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lecture24

# lecture24 - 2.57 Nano-to-Macro Transport Processes Fall...

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2.57 Fall 2004 – Lecture 24 1 2.57 Nano-to-Macro Transport Processes Fall 2004 Lecture 24 In the last lecture, we have talked about Einstein’s work on the Brownian motion. In the left figure above, pressure difference exists in the fluid. For one particle, the osmotic pressure is determined by 1 B B P Nk T nk T V = = . Also, we can use the solution of Stoke’s flow around a sphere to estimate the drag force. The value is 3 F D u π µ = . For area A c , the forced balance over the control volume gives ( ) ( ) ( ) c A P x P x dx FdN + = , 3 0 c dP A dx D udN dx π µ = , 3 0 dP D un dx π µ = , 3 0 B dn k T D un dx π µ = , in which the product un indicates flux. We have 3 B p k T dn dn J a D dx dx π µ = − = − , where a= 3 B k T D π µ is the diffusivity and can be obtained by the diffusion experiment of some materials. In a time t, the diffusing radius is 6 r at = . We can calculate the constant a and substitute back into a= 3 B k T D π µ , thus D can be obtained. The relationship between thermal diffusivity and viscosity is an example of the more general fluctuation- dissipation theory as viscosity is a measure of dissipative process and diffusivity is a measure of random walk (fluctuation) process. The relationship between thermal Stoke’s flow 3 F D u π µ = P(x) P(x+dx)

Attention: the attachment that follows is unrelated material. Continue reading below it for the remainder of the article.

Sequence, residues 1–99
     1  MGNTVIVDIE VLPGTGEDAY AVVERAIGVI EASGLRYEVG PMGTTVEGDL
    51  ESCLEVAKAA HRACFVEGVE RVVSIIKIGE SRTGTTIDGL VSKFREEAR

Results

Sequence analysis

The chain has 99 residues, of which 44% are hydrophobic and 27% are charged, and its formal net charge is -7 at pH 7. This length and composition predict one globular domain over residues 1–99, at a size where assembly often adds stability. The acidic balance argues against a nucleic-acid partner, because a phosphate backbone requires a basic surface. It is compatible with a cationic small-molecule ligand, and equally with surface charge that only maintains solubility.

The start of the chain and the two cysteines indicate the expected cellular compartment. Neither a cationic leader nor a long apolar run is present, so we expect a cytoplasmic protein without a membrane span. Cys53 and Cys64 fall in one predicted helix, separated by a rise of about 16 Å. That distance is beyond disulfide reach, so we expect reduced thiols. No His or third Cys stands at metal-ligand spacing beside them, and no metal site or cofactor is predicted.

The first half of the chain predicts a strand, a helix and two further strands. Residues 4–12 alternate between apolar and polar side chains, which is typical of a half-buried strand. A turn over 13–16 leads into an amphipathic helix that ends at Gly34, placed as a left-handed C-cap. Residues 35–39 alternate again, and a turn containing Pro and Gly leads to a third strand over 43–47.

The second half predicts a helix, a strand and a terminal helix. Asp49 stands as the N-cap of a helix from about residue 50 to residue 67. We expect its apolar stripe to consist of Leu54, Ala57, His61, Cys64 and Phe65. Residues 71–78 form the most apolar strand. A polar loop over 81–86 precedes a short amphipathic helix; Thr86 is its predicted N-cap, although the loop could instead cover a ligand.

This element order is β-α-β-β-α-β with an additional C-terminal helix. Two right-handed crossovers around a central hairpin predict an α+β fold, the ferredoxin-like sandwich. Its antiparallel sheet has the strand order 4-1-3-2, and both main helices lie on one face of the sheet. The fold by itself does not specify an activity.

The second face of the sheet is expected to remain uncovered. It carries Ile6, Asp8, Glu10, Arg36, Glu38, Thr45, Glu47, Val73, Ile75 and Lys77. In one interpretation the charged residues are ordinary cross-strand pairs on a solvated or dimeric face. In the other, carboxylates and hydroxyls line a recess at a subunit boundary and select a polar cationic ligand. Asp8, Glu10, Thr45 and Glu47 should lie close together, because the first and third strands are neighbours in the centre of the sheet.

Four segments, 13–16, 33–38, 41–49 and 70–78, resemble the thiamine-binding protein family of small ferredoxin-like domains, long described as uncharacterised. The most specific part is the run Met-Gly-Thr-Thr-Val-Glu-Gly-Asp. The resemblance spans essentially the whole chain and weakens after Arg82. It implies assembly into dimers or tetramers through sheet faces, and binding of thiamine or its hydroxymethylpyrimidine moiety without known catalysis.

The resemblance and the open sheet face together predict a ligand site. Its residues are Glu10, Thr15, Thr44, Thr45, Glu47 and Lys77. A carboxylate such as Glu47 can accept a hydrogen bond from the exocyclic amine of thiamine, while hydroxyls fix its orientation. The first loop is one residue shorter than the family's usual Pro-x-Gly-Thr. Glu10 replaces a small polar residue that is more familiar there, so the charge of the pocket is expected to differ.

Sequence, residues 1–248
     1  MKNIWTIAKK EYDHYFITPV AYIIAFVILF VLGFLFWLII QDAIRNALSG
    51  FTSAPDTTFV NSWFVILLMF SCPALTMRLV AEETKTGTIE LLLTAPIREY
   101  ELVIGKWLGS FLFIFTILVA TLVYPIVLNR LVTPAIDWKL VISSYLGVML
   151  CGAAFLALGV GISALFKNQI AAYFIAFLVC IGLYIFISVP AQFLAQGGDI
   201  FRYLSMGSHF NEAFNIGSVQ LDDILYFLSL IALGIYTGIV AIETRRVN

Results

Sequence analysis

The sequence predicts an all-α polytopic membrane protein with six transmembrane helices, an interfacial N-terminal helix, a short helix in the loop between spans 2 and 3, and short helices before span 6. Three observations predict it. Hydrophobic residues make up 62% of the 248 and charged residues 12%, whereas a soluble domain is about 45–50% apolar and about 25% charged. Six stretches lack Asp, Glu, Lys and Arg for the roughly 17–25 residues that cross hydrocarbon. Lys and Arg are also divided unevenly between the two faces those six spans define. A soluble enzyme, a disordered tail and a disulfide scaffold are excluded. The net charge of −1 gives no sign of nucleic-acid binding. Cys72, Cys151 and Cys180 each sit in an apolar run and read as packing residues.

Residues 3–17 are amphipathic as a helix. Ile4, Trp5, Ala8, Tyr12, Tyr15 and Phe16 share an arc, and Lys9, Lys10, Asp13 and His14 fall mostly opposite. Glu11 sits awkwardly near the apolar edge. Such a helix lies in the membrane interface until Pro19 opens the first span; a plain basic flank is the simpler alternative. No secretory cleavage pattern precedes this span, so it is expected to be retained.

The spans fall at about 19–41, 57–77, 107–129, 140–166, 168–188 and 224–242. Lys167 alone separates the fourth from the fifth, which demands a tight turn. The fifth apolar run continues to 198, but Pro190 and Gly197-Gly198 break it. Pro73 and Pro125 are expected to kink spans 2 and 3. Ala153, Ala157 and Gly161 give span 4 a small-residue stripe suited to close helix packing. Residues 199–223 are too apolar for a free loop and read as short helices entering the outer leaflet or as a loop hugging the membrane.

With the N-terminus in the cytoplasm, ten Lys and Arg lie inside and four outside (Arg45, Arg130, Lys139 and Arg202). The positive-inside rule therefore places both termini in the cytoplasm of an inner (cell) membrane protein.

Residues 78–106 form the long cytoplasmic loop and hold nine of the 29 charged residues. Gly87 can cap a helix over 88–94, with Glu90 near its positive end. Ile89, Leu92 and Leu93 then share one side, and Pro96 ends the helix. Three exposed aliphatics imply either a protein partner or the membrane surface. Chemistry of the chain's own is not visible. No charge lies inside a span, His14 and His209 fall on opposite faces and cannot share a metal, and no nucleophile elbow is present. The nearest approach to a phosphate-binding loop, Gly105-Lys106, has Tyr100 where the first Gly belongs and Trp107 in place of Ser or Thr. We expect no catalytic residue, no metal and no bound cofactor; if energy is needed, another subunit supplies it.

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2.57 Fall 2004 – Lecture 24 2 diffusivity and viscosity is also called Einstein relation. In chapter 6, there is a similar Einstein relation between electron diffusivity and mobility. But Einstein really worked on the Brownian motion. Note: The osmotic pressure can be observed by putting a semi-permeable membrane such that only the base molecules in the solution penetrate the membrane, building up a concentration gradient on the two sides of the membranes. In addition to the above approach, Einstein also established another method to determine the diameter of the solute particles. He proposed to measure the viscosity of the solvent and of the solution, µ , and b µ , respectively, and derived, again assuming dilute solute particles, the following relationship between the viscosities 1 2.5 o µ ϕ µ = + , where ϕ is the volumetric concentration of the solute molecules. The Einstein relation can also be derived from the stochastic approach developed by Langevin to treat Brownian motion of particles much larger than that of the surrounding medium. The key idea of the Langevin equation is to consider that the motion of a Brownian particle is subject to a friction force that is linearly proportional to its velocity, as in Stokes law, and a random driving force (or “noise”), R(t), imparted by the random motion of the molecules in the bath. In the absence of an external force, the Langevin equation that governs the instantaneous velocity of the Brownian particle can be written as, ( ) d m m t dt η = − + u u R , where η is the friction coefficient, and for Brownian particles in a fluid the Stokes law gives 3 F D u π µ = , so that the random driving force R(t) has the following characteristics: ( ) 0 t = R (average of random driving force is zero) ( ) ( ) 0 t t = R u
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